This might seem like a strange blog post, and it really is different from what I usually do here. But these are strange times, and as they say: strange times call for strange blog posts. They do say that, don’t they? During the Reformation catechisms were written all over the place, short punchy lists of questions that everyone was asking, trying to get their heads and hearts around, and so here’s one for our day that I hope will be helpful, as we ask the Lord to bring another Great Reformation out of this current disarray.
And of course, helpful comments or suggestions are most welcome. But please note that I said “helpful comments.” All the unhelpful ones please only share with your computer screen or iPhone or pet turtle. At some point, it would probably be helpful to put Scripture references in the answers. But suffice it to say for now I have tried to stay close to what the text clearly says or what can be clearly inferred from the text. In other words, I have Scripture references in mind for these answers, and I’m happy to provide them upon request for particular answers. So here goes.
1. Where does all authority and power come from?
All authority and power in heaven and on earth originates in the Triune God and has been given to the Lord Jesus Christ.
2. If all authority is from God, what kind of authority can humans have?
Because all authority is from God, all human authority is delegated and limited.
3. What does it mean that all human authority is delegated?
Delegated authority means that it was given directly by God and can be revoked by Him.
4. What does it mean that all human authority is limited?
All human authority is limited by the particular assignments given to them by God in His Word. Any leader who goes beyond, misuses, or abdicates their particular assignments has no authority to do so.
5. What governments have been established directly by God?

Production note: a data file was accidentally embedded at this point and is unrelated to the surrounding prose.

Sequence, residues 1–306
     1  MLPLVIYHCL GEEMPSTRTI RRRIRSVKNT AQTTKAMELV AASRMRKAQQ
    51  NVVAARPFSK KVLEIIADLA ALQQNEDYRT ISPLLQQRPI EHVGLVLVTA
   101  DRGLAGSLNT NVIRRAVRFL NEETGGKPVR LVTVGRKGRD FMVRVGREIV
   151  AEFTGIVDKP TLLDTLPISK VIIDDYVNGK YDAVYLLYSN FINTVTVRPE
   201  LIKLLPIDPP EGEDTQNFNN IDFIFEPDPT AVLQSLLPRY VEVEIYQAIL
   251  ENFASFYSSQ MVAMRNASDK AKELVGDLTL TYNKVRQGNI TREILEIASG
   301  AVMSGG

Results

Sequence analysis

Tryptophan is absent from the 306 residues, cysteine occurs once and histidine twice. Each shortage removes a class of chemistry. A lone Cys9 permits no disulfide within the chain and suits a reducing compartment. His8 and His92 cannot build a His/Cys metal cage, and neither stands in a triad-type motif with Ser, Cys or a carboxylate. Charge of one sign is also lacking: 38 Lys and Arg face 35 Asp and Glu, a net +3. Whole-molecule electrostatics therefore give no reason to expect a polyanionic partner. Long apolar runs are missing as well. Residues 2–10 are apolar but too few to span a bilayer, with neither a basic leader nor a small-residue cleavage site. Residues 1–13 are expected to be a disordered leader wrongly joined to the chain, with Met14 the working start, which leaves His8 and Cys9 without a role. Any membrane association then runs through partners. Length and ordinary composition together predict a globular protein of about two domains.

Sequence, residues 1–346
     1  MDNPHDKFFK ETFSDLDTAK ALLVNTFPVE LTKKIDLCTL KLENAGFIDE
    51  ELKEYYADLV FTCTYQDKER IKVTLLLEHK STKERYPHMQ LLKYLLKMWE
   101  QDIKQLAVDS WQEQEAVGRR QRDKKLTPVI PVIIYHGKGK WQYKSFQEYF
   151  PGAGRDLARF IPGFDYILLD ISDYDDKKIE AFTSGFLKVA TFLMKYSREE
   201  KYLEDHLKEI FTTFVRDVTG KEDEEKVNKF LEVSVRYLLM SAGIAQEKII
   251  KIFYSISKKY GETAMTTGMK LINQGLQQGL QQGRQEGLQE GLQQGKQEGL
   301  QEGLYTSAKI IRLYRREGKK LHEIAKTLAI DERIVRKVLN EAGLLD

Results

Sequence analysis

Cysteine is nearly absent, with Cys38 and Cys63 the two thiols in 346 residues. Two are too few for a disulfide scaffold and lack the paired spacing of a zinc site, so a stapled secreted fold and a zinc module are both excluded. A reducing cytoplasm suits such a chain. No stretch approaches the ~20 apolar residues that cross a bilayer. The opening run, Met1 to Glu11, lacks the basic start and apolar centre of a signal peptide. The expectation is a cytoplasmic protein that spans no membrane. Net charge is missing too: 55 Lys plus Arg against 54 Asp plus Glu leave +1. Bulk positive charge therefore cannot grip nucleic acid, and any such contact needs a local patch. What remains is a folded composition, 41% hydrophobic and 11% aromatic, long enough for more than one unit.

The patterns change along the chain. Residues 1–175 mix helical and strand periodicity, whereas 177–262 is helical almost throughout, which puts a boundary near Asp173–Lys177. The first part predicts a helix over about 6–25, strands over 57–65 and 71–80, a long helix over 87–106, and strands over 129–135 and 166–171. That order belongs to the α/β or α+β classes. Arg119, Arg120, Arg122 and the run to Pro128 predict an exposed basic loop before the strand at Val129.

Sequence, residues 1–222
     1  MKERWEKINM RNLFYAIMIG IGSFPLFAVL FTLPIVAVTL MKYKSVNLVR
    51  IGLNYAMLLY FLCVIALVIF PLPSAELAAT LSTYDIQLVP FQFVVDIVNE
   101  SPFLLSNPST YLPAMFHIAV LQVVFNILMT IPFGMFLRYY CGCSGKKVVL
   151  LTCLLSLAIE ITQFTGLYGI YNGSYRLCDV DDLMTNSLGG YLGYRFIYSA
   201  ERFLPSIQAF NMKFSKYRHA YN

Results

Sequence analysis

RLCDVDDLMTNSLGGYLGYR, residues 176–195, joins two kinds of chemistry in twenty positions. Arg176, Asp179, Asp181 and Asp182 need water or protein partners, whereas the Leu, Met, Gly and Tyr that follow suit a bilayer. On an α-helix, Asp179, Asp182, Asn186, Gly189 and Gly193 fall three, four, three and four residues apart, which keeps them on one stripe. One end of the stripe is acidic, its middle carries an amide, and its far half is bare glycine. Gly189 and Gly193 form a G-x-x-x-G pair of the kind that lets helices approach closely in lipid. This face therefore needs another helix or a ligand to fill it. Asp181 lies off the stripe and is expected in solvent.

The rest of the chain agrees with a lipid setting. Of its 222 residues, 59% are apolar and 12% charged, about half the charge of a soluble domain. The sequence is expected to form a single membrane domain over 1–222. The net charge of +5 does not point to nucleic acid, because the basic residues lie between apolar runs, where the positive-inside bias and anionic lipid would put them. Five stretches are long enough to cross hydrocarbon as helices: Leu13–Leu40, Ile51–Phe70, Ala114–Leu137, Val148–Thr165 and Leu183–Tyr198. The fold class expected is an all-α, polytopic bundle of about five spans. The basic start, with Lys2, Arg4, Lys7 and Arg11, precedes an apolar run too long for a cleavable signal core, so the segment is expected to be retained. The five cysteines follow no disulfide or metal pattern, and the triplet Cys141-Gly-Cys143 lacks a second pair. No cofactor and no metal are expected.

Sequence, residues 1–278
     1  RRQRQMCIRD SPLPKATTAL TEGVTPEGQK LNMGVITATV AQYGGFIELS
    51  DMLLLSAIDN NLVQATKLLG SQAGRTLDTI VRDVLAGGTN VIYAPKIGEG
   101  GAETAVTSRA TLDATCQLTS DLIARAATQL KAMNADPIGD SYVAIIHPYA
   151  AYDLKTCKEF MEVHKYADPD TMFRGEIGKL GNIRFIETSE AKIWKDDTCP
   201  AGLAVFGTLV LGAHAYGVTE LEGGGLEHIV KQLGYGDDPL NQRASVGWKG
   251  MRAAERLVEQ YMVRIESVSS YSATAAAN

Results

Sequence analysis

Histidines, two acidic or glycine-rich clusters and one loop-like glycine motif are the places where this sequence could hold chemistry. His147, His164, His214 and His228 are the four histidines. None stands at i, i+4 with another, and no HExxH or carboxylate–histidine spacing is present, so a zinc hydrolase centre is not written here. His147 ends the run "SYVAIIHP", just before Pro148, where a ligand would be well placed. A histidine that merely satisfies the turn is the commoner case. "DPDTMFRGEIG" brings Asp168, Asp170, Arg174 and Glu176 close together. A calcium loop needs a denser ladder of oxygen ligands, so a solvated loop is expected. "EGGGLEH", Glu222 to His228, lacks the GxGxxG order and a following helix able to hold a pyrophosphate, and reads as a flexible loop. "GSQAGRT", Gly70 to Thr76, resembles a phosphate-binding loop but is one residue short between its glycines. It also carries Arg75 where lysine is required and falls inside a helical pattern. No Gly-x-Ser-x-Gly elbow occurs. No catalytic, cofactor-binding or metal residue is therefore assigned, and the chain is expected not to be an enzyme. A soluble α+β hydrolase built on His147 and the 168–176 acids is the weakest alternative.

God has established the responsibility of self-government in every individual, and family government, church government, and civil government in society.
6. Who is the Head of every government and power?
The Lord Jesus Christ. Since He exercised self-government perfectly in His sinless life, atoning death, and glorious resurrection and ascension, He has been made Father of all the families of the earth, King of all the kingdoms of the earth, and the only Head of the Church in heaven and on earth.
7. What is the sphere and assignment given by God to individuals in self-government?
God has graciously assigned the dominion mandate to all human beings which is part of what it means to be made in God’s image.
8. What is the Dominion Mandate?
The Dominion Mandate is found in Genesis 1:28 and it is the command and blessing, with the corresponding authority to be fruitful, multiply, fill the earth, subdue it, and rule over all of creation.
9. How is self-government possible?
Because of sin and the Fall of Adam, self-government has been distorted and become a means of tyranny, harm, and misuse. Therefore, true self-government is only possible through the regeneration of human hearts brought about by the preaching of the gospel and the renewing grace of the Holy Spirit.
10. What is self-government also called in the New Testament?
In the New Testament, self-government is also called self-control, one of the fruits of the Spirit.
11. Why is self-government the foundation for all other governments?
Self-government is the foundation of all other governments because all other governments are made up of individuals who either serve themselves and their lusts, or else they serve others in love through obedience to the authority of Christ.
12. What is the duty of all people with regard to self-government?
It is the duty of all people to rule their entire lives in this world to be fruitful, multiply, and fill the earth with good things in praise and imitation of their Maker and Savior and for His glory.
13. What is the sphere and assignment given by God to family government?